Sir Bald has been called “Britain’s string king” because of his striking guitar style which has been influenced by the likes of Bo Diddley, Link Wray, Chuck Berry, Dick Dale and more. It is a style once heard never forgotten and one which lights up any genre he chooses to thrill with. As mentioned disc one features Hipbone Slim & the Kneetremblers, a band plays with its inspirations and passions on its sleeve and openly heard within tracks which range from instantly contagious to sensationally irresistible. Alongside Sir Bald the band has the massive talents of drummer Bruce ‘Bash’ Brand (the Milkshakes and Headcoats), and bassist Gastus Receedus (Big Wigs, Arousers, Playboys) bringing great songs to an even greater life. From the opener King Tut Strut the disc is an incessant feast of pleasure, every track in their different ways turning the tap to greed full on for more of their joys. The first song saunters along with a swagger which has the passions whimpering in delight, it is a sultry tease which attacks from many angles, from the Eastern promising guitars, and seductive sax caresses to the inciteful beats and uncomplicated vocals of Sir Bald, the song just makes love to the ear.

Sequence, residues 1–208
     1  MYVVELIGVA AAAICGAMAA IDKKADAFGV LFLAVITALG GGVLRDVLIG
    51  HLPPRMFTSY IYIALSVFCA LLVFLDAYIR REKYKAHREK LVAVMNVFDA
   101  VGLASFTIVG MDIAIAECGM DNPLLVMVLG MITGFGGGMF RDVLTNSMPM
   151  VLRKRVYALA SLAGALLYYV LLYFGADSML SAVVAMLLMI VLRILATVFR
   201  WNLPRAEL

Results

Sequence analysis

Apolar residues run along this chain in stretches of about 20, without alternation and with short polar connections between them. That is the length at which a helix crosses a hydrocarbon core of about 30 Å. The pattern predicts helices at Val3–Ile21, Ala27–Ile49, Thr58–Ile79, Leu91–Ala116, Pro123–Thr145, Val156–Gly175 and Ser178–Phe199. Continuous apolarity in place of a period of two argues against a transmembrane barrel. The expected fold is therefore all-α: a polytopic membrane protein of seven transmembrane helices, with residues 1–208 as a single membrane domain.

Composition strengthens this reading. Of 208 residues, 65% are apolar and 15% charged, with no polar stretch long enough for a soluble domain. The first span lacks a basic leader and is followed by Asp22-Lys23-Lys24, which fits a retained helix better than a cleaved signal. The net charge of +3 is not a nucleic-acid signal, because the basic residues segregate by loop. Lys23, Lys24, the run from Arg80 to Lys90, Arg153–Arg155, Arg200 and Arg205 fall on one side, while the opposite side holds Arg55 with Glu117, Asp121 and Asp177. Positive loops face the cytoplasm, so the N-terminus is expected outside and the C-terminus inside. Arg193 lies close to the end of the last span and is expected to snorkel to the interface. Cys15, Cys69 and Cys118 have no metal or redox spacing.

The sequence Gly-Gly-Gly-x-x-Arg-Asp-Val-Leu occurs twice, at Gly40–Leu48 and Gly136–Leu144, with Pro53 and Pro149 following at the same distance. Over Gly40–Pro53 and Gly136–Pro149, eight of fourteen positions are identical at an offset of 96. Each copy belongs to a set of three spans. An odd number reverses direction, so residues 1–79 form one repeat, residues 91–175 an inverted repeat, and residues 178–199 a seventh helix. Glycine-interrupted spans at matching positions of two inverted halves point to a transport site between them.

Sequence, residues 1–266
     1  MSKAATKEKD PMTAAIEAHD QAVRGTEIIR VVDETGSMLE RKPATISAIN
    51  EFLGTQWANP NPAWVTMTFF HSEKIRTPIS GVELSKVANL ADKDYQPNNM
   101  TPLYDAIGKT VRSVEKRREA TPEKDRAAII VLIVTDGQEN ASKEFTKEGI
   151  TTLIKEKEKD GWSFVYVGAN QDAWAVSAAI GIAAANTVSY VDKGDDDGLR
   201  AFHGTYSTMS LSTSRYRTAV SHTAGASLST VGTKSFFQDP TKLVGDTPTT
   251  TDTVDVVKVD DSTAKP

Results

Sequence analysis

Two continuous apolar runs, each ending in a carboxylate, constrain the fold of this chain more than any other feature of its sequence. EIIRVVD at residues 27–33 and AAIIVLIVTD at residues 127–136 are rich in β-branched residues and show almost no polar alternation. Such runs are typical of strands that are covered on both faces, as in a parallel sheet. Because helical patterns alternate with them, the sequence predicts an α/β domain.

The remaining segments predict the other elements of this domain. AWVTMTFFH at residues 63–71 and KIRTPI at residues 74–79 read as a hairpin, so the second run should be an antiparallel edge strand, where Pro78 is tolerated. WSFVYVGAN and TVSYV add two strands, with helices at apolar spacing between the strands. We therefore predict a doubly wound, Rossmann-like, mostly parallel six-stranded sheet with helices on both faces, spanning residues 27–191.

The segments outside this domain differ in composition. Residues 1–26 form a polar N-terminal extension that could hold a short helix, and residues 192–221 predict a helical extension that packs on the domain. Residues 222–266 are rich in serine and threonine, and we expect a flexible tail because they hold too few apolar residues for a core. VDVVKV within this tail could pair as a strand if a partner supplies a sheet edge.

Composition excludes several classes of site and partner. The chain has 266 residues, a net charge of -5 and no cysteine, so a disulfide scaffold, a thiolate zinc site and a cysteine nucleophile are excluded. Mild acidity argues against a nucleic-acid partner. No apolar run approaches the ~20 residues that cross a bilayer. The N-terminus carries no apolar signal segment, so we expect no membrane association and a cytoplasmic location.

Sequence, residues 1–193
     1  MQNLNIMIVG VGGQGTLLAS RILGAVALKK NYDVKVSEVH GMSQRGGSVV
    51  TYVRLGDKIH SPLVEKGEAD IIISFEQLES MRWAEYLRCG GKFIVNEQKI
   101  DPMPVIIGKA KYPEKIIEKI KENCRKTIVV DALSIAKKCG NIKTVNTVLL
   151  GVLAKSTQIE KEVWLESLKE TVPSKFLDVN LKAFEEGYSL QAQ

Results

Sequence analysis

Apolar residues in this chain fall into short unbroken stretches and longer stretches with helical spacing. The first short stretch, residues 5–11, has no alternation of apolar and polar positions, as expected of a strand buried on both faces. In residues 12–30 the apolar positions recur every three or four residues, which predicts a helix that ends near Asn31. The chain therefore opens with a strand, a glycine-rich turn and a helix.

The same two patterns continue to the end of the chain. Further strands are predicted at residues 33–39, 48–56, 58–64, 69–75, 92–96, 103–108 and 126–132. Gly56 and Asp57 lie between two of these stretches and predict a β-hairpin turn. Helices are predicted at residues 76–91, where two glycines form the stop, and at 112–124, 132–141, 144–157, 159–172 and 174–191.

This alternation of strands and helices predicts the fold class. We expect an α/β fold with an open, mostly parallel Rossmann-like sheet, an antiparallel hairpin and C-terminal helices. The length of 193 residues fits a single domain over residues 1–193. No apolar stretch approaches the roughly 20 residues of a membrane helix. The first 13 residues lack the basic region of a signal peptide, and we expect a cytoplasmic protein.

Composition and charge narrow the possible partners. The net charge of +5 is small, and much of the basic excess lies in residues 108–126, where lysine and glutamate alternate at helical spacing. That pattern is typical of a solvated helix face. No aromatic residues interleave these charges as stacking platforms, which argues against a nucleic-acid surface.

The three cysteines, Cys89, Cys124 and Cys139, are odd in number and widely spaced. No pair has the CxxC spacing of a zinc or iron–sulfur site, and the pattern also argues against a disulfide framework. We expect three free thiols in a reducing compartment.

Across the tracks there is a great expanse of flavours offered such as in the following Crawl Back To Me which moves in Gene Vincent circles, Time To Kill with its Buddy Holly mesmeric and warm whisper, and the wonderful instrumental Bury The Hatchet which harks back to the likes of The Fireballs and The Ventures. Biggest highlights come from the wonderful rockabilly romp of Ooga Booga Rock, the Johnny Cash toned High On Hog, and the sweet wickedness that is Food Man Chew, a song which has to be the new soundtrack to TV show Man V. Food as well as any night of unbridled filthy passion between consenting adults. It is hard to pick best or favourite songs though this trio are always to the fore and are equally rivalled by the brilliant I Hear An Echo with its caped crusaderesque groove and the anthemic rampage of Set You On Fire.